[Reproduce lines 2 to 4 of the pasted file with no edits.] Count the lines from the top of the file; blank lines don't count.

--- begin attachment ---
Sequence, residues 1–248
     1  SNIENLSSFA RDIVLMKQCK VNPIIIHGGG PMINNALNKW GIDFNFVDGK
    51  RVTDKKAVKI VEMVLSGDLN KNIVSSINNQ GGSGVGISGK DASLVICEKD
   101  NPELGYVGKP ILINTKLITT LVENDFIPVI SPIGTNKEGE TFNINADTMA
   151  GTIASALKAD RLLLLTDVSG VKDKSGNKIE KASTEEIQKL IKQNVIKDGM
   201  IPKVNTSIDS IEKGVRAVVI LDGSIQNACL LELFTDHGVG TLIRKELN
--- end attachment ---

     1  SNIENLSSFA RDIVLMKQCK VNPIIIHGGG PMINNALNKW GIDFNFVDGK
    51  RVTDKKAVKI VEMVLSGDLN KNIVSSINNQ GGSGVGISGK DASLVICEKD
   101  NPELGYVGKP ILINTKLITT LVENDFIPVI SPIGTNKEGE TFNINADTMA